length" from the the state.entropy() method? Is it also equivalent of
having the maximum entropy values after running the algorithm multiple
times ?

I also have a theoretical question: I read most of your recent papers and I
see this statement but I could not find more description why it is the case?
Why do you use the "micro-canonical formulation"? You stated that "it
approaches to the canonical distributions asymptotically". In case you have
explained it in one of your papers, would you kindly refer me to the right
paper?

Thanks in advance.

Best,
Zahra

attachment.html (3.22 KB)

For the non-parametric weighted SBMs, how can I extract the "description
length" from the the state.entropy() method? Is it also equivalent of having
the maximum entropy values after running the algorithm multiple times ?

The entropy() method returns the negative joint log-likelihood of the data
and model parameters. For discrete data and model parameters, this equals
the description length.

For the weighted SBM with continuous covariates, the data and model are no
longer discrete, so this value can no longer be called a description length,
although it plays the same role. However, for discrete covariates, it is the
description length.

I also have a theoretical question: I read most of your recent papers and I
see this statement but I could not find more description why it is the case?
Why do you use the "micro-canonical formulation"? You stated that "it
approaches to the canonical distributions asymptotically". In case you have
explained it in one of your papers, would you kindly refer me to the right
paper?

The microcanonical model is identical to the canonical model, if the latter
is integrated over its continuous parameters using uninformative priors, as
explained in detail here:

    https://arxiv.org/abs/1705.10225

Therefore, in a Bayesian setting, it makes no difference which one is used,
as they yield the same posterior distribution.

The main reason to use the microcanonical formulation is that it makes it
easier to extend the Bayesian hierarchy, i.e. include deeper priors and
hyperpriors, thus achieving more robust models without a resolution limit,
accepting of arbitrary group sizes and degree distributions, etc. Within the
canonical formulation, this is technically more difficult.

Best,
Tiago

Hi Tiago,

Thanks for the explanation. I have another question:

In the "Inferring the mesoscale structure of layered, edge-valued and
time-varying networks", you compared two way of constructing layered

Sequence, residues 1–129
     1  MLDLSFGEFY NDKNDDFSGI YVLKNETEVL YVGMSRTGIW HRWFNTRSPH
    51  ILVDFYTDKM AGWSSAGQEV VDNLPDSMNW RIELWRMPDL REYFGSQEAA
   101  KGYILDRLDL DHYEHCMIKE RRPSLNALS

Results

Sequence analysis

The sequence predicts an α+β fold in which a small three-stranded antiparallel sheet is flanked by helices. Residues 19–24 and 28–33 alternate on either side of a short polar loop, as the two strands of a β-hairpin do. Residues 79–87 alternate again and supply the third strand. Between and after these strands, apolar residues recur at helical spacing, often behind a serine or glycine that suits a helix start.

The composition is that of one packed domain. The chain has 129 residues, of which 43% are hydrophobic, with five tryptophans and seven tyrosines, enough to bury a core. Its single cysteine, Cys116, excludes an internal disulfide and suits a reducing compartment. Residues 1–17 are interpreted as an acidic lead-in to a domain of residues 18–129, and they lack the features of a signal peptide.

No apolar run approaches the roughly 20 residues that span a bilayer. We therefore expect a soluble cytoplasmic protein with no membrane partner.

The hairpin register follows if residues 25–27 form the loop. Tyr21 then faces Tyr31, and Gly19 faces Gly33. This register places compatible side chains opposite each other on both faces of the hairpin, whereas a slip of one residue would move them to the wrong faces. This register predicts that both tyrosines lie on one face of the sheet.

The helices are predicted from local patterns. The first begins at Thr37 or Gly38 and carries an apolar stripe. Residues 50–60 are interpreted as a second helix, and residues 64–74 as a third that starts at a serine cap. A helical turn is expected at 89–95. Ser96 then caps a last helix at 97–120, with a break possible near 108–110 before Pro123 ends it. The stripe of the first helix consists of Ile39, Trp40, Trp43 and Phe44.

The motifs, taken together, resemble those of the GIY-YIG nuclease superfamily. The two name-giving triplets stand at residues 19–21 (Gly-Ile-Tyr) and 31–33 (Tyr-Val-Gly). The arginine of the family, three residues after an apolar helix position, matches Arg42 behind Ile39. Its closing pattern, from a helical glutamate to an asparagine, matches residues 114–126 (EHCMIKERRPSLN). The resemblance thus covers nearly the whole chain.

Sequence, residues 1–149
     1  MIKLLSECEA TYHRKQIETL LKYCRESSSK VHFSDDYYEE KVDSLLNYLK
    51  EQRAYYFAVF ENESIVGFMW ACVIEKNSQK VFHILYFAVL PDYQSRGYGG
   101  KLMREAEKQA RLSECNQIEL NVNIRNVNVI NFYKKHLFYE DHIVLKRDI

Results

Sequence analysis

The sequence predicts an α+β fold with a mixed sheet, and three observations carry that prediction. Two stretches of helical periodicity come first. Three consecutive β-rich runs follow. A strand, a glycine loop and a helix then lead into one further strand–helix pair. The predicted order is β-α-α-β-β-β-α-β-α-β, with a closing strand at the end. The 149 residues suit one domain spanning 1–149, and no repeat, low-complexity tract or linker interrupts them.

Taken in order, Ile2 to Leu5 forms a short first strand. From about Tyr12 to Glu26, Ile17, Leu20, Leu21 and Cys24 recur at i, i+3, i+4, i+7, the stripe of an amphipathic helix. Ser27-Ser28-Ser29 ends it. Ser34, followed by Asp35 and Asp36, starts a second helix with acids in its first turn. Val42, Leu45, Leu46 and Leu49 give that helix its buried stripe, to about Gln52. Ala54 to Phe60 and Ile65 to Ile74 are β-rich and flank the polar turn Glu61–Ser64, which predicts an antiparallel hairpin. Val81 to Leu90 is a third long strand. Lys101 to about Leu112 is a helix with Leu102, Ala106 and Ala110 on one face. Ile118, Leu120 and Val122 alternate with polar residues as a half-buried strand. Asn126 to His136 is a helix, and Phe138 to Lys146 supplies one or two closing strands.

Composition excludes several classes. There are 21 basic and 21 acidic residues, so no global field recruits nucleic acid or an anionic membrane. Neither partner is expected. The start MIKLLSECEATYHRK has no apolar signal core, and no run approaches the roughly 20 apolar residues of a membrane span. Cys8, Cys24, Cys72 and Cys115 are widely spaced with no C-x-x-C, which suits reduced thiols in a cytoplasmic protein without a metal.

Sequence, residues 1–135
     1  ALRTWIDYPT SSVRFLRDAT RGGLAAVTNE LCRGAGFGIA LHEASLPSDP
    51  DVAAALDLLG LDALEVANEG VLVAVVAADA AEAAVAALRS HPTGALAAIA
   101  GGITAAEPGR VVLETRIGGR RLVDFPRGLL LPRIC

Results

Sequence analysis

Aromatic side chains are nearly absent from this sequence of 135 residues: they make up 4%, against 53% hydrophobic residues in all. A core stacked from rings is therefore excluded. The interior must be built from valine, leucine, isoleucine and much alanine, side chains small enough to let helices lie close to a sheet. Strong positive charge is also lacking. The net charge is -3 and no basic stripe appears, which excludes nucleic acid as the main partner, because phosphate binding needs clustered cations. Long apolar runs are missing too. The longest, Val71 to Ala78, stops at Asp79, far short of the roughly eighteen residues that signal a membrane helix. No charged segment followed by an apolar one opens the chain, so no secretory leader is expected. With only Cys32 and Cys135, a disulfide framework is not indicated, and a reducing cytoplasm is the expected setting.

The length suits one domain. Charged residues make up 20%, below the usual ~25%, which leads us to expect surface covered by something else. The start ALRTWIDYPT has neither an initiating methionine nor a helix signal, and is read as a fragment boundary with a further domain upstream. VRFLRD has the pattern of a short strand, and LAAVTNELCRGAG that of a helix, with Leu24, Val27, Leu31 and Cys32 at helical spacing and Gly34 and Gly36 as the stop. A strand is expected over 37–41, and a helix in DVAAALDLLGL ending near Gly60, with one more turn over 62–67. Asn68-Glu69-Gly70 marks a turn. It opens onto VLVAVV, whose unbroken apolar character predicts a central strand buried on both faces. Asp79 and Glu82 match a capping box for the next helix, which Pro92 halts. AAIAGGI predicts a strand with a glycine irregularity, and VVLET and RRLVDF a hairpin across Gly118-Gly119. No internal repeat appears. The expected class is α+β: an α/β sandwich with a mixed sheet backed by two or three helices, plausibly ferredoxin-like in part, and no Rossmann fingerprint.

structures: first approach: You assumed an adjacency matrix in each
independent layer. The second method, the collapsed graph considered as a
result of merging all the adjacency matrices together.

I am wondering how I can use graph_tool for the first method? Which method
or class should I use? If there is a class, is it still possible to
consider a graph with weighted edges?

Thanks again.

Regards,
Zahra

attachment.html (3.71 KB)

Hi Tiago,

Thanks for the explanation. I have another question:

In the "Inferring the mesoscale structure of layered, edge-valued and
time-varying networks", you compared two way of constructing layered
structures: first approach: You assumed an adjacency matrix in each
independent layer. The second method, the collapsed graph considered as a
result of merging all the adjacency matrices together.

I am wondering how I can use graph_tool for the first method? Which method
or class should I use?

You have to pass the option "layers=True" to the LayeredBlockState constructor:

https://graph-tool.skewed.de/static/doc/inference.html#graph_tool.inference.layered_blockmodel.LayeredBlockState

If there is a class, is it still possible to consider
a graph with weighted edges?

Yes, it accepts 'recs/rec_types/rec_params' just like the regular BlockState.

Best,
Tiago

Hi Tiago,

Thanks for the reply. In the section (VI) of your paper "Inferring the
mesoscale structure of layered, edge-valued and time-varying networks", you
used the layered stochastic block model for a temporal network. I have a
similar data set which I do not want to fix the membership for the nodes of
different layers to the same block over all layers (nodes can change their
block memberships over time). I am wondering again how I can use graph
tool for this case? Which method or constructor should I use?

Regards,
Zahra

attachment.html (2.77 KB)

It's always the same constructor, LayeredBlockState. To allow the membership
to change across layers, you need to set overlap=True.

Hi Tiago,

I have another naive question: It is not still clear for me how I could
pass different weighted graphs of each timestamp to this LayeredBlockState
constructor while I want that each of these weighted graphs be considered
as one layer of this multilayer network? Because the input is just a single
graph.

Regards,
Zahra

attachment.html (2.01 KB)

Right, you have to collapse them in a single graph with multiple edges. The
time-stamp on the edges (i.e. the "layers") should be stored as a property
map that you pass as the 'ec' parameter to LayeredBlockState.